Rama Charan Tripathi, Allhallabad University.
Developing societies are often characterized as valuing ‘relatedness’ compared with privileging individual achievements. In most developing societies of the East, cultural knowledge is used to construct ‘relational selves’ that contrast with the “othering” imposed by coloniation. Psychologists in developing societies need to develop ‘glocal’ psychologies, incude construction of ‘local universals’.
Psychology and Pan-Africanism in Decolonial Times
Shose Kessi, University of Cape Town, South Africa.
This presentation traces some key moments in the development of psychology as a discipline that has been both implicated in and resistant to forms of oppression and inferiorization across the globe and how a Pan-African lens to psychological research may contribute to the decolonial turn in the social sciences.
Sunt Lacrimae Rerum: Coping with Material Traces of European Colonialism
Giovanna Leone, Sapienza – Università di Roma, Italy
Insights on the role of objects in memory processes – traced back to classic descriptions of the human mind – allow psychologists to better understand conflicting reactions to material traces of colonialism still present in the contemporary European environment. Such research may give a specific contribution to decolonization processes.
Chair: Natalie Porter, CSPP/Alliant University, USA
Seen, Unseen, and Seldom Heard
Elaine Rogers, University of Limerick, Ireland.
Disabled people are over-represented in less favourable social environments, under-represented in valued environments, and have reduced participation in decision making. This talk will consider this claim and reflect on some of the ways that psychologists can support disabled people.
Disability, Invisibility, and the Unfinished Work of Transformation
Leslie Swartz, Stellenbosch University, South Africa.
Despite a constitutional commitment to disability inclusion in South Africa, people with disabilities are left behind and subject to abuse and even death.I suggest reasons for continuing exclusion. My particular emphasis is on the politics of inclusion and vulnerability in light of race and class struggles.
Rethinking Disability Research: Moving the field forward
Rhoda Olkin, Alliant International University, USA
Despite important disability laws there are no changes in implicit attitudes toward disabled persons. To address this core issue we need research that informs a more widespread societal approach to improving conditions for disabled people. This talk focuses on specific suggestions for researchers and clinicians to move disability justice.
Chair: Mary Beth Kenkel, Florida Institute of Technology.
Health equity is achieved when people are able to attain their full health potential and are not disadvantaged from doing so because of environmental or social factors. Health inequities are reflected in differences in the length and quality of life; in rates of disease, death, and disability; in severity of disease; and in access to treatment. This symposium will identify the barriers to achieving health and mental health equity and describe strategies to reduce barriers to achieve equity.
Child and Adolescent Mental Health & Wellbeing
Zeinab Hijazi, UNICEF, New York Headquarters.
Gaps in mental health care stem from historic lack of investment and action promoting positive mental health, prevention, and care for children, adolescents, and caregivers with mental health problems. This presentation will showcase UNICEF’s multi-sectoral and multi-layered approach which reframes mental health as a lifespan asset.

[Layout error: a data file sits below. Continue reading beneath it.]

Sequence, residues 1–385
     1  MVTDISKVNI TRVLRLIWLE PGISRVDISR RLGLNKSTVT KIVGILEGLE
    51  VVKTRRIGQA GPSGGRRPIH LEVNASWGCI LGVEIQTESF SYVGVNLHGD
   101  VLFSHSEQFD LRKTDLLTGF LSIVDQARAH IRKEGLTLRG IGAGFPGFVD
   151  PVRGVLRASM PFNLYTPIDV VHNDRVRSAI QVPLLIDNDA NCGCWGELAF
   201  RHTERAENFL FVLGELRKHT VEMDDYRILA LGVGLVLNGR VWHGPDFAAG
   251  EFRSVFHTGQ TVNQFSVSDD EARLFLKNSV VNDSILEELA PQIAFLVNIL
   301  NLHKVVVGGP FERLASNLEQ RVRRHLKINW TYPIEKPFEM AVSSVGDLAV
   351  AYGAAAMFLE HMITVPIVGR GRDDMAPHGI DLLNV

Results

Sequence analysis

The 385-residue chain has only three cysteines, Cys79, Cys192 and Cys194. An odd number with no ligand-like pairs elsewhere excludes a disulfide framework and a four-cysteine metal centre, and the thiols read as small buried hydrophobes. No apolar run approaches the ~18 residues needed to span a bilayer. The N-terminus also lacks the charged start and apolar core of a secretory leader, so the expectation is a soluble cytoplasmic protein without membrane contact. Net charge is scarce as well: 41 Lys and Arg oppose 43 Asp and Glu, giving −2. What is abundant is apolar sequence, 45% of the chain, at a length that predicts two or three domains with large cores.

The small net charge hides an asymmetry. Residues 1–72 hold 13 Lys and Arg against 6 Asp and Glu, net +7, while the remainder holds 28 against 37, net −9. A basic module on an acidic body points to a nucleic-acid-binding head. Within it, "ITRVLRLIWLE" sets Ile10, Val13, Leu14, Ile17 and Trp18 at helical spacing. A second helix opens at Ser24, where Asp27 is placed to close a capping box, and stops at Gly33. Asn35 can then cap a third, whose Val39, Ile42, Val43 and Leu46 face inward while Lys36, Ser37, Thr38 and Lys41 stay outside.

Achieving Health Equity: Psychology’s Role
Jennifer F. Kelly, American Psychological Association, USA
Health disparities are preventable differences in the burden of disease, injury, violence, or opportunities to achieve optimal health experienced by socially disadvantaged populations. These systematic and avoidable differences are intensified by political, economic, and social influences. This presentation will address the contribution that psychology can offer in achieving health equity.
Reaching the Last Mile: Scaling Up Psychological Therapies Globally
Vikram Patel, Harvard Medical School, USA
This lecture will describe innovations to improve the access to evidence informed psychological therapies globally.
Lightning Talks –
Moderator Vera Luckgei, University of Heidelberg, Germany
- Violence Against Women and Female Incarceration Rates Predict Estimated Prevalence Of Modern Slavery Across Countries
Janine Ray, Erinn Cameron, Kristine Jacquin, Fielding Graduate University, Canada
- Eco-anxiety and youth: A scoping review
Anne-Sophie Dorion, Guadalupe Puentes-Neuman, Fabienne Lagueux, Université de Sherbrooke, Canada
- Rising Waters: Understanding the Impact of Climate Change on Coastal Native Americans and Indigenous Peoples
Monica Zabinski, Hilary Hines, Taylor Levitt, Leah Horvath, National Louis University, USA
- Decolonizing Psychological Statistics
Jamie L. Layton, Elena Cantorna, LeAnne Zaire, Linda Montano, Clara Obrien, Lynette Bikos, Seattle Pacific University, USA
- Decolonizing Psychological Statistics Courses
Elena Paola Cantorna, Jamie Layton, Leanne Zaire, Linda Montano, Clara O’Brien, Lynette Bikos, Seattle Pacific University, USA
- Decolonizing Ghanian Psychology: Best Practices for Cross-Cultural Transnational Feminist Research
Erinn Cate Cameron, Janine Ray, Olivia Mounet, Kristine Jacquin, Fielding Graduate University, USA
Music and Conflict
Special Interactive Session with Barbara Dunn
Human Rights Celebration
Presentation of 2021 ICP Awards
Introduction to the 2021 Awards Ceremony
Mary Beth Kenkel, Awards Chair, Moderator
2021 Fukuhara Award for Distinguished International Research and Service
Introduction to the Fukuhara Award
Congratulations from Machiko Fukuhara
Radosveta Dimitrova, 2021 Recipient
2021 Frances Mullen Award for Distinguished International Contributions
Introduction of the 2021 Mullen Award Recipient
Harold Takooshian, 2021 Recipient
2021 Denmark-Gunvald Award for Feminist Research
Introduction to the Denmark-Gunvald Award
Congratulations from Florence Denmark
Anita Kamal, 2021 Recipient
2021 Sukemune-Bain Award for Encouragement of Early Career Research
Introduction to the Sukemune-Bain Award
Bisma Ejaz, 2021 Recipient
Town Hall Meeting
ICP at the United Nations
ICP Recognition of UN Day
- Global Network of Psychologists for Human Rights – presentation of the Network
- ICP and COVID-19 Projects
- ICP at the United Nations